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Issue Brief: Degree Trends in High-Demand Teaching Specialties

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This issue brief (2020) provides detailed information on degree trends since 2009-10 in the following teaching specialties, which the U.S. Department of Education has identified as in high demand around the country: special education, mathematics and science education, teaching English as a second language, and foreign language education.

It examines the following key trends:

  • Degree production in the high-demand fields, including a comparison of those trends to degree production in education overall and across all fields
  • The number and type of institutions awarding degrees in the high-demand specialties
  • The racial/ethnic and gender profile of degree recipients in the high-demand specialties, again comparing these specialties to education overall and to all fields

These analyses encompass the three primary degree programs offered by schools, colleges, and departments of education to prepare classroom teachers: bachelor’s degrees, master’s degrees, and post-baccalaureate (post-BA/BS) certificates. An appendix table, provides detailed information on degree completion in these high-demand fields by state in 2009-10 and 2018-19.

Total degree production across these three degree types experienced a 17 percent increase in English as a second language, was down slightly in special education, and fell substantially in science and mathematics and foreign language education between 2009-10 and 2018-19, the most recent year for which data are available. Special education and English as a second language defied the general trend of declining interest in education as a field of study, with degree production in English as a second language outpacing overall degree production across higher education. Despite these more positive degree trends, teacher shortages persist due to an array of factors that may include an inability to attract and/or retain teachers and increasing need for these specializations.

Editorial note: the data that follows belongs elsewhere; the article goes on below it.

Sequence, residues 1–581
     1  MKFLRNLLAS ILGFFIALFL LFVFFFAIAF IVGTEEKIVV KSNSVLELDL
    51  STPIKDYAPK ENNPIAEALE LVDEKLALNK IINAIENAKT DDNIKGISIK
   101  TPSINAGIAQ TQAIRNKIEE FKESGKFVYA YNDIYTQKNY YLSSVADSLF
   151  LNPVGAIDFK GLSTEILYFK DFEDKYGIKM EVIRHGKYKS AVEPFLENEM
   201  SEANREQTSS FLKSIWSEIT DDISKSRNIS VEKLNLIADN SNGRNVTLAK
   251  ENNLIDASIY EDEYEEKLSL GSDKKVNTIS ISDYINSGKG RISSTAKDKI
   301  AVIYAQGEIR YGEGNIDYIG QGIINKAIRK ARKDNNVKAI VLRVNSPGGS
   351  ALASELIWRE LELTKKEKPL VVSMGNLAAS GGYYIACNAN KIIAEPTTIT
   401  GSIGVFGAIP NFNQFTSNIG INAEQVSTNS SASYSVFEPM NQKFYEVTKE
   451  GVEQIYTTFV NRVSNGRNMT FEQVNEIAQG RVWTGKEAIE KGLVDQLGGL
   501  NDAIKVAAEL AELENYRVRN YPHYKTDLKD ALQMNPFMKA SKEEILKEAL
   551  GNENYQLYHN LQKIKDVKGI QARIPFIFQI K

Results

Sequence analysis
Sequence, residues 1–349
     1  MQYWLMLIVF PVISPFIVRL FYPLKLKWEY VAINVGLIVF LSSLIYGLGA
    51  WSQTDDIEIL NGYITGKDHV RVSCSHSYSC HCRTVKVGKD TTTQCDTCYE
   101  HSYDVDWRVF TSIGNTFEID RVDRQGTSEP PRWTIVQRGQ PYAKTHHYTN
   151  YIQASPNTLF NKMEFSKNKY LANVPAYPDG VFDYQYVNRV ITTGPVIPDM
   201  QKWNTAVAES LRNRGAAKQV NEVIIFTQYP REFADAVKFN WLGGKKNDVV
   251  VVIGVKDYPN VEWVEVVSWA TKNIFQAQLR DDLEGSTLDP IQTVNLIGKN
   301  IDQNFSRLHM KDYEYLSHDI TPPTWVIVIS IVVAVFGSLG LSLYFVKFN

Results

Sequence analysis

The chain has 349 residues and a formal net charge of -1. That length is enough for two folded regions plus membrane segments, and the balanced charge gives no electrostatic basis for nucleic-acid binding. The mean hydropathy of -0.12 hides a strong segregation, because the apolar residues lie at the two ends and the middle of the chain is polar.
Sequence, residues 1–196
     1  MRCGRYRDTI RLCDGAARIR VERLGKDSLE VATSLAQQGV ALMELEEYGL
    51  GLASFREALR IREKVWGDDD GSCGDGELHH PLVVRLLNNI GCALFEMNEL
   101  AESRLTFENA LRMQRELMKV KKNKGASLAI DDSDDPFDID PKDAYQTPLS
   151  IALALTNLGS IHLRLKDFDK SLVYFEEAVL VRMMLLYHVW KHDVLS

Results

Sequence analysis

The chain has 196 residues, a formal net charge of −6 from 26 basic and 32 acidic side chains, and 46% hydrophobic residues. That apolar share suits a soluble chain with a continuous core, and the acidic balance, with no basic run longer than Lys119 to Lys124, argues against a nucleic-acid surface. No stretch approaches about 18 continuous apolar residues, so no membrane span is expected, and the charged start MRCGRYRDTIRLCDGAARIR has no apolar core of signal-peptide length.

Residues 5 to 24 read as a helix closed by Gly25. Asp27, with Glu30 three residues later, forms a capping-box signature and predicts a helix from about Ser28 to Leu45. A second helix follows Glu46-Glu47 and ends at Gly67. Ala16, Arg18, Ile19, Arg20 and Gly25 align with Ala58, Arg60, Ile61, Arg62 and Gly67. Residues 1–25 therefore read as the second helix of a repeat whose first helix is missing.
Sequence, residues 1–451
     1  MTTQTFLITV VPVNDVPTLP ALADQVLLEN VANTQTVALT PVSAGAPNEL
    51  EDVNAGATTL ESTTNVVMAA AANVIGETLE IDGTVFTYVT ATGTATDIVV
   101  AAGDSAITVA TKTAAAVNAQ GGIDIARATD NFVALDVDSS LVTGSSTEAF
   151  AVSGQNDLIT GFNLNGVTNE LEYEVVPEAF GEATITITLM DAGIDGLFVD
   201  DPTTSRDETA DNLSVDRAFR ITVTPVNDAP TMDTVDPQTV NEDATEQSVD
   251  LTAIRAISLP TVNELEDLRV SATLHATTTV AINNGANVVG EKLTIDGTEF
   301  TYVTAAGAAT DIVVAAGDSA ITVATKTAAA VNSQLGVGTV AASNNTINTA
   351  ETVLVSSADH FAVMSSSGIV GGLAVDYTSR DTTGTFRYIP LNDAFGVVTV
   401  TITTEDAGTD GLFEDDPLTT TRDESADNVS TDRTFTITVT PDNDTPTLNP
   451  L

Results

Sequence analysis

A closer look at trends within the four specialties reveals important differences by type of degree and subspecialty:

  • While general programs in special education remain popular, more students are choosing programs that concentrate on particular levels of education and on particular student conditions or attributes. Sub-specialties that gained graduates included special education for early childhood and elementary students and teaching students who have autism.
  • The number of degrees conferred in both mathematics and science education fell substantially. There were significant increases over the same period in the number of mathematics and science degrees conferred outside of schools, colleges, and departments of education, but demand for those graduates across the economy could depress interest in teaching.
  • The drop in the number of students earning degrees in foreign language education was matched by a similar decline in foreign language graduates outside of education

Despite a few bright spots, the trends outlined in this issue brief suggest that K-12 schools will not be able to eliminate shortages simply by recruiting newly prepared teachers. To sustain a workforce in these key areas will require a combined effort across K-12 and higher education to retain current teachers, prepare more teacher candidates in these specialties, and encourage students with mathematics, science and foreign language training and expertise to enter educator preparation programs and become teachers.


This report is available to AACTE members only.

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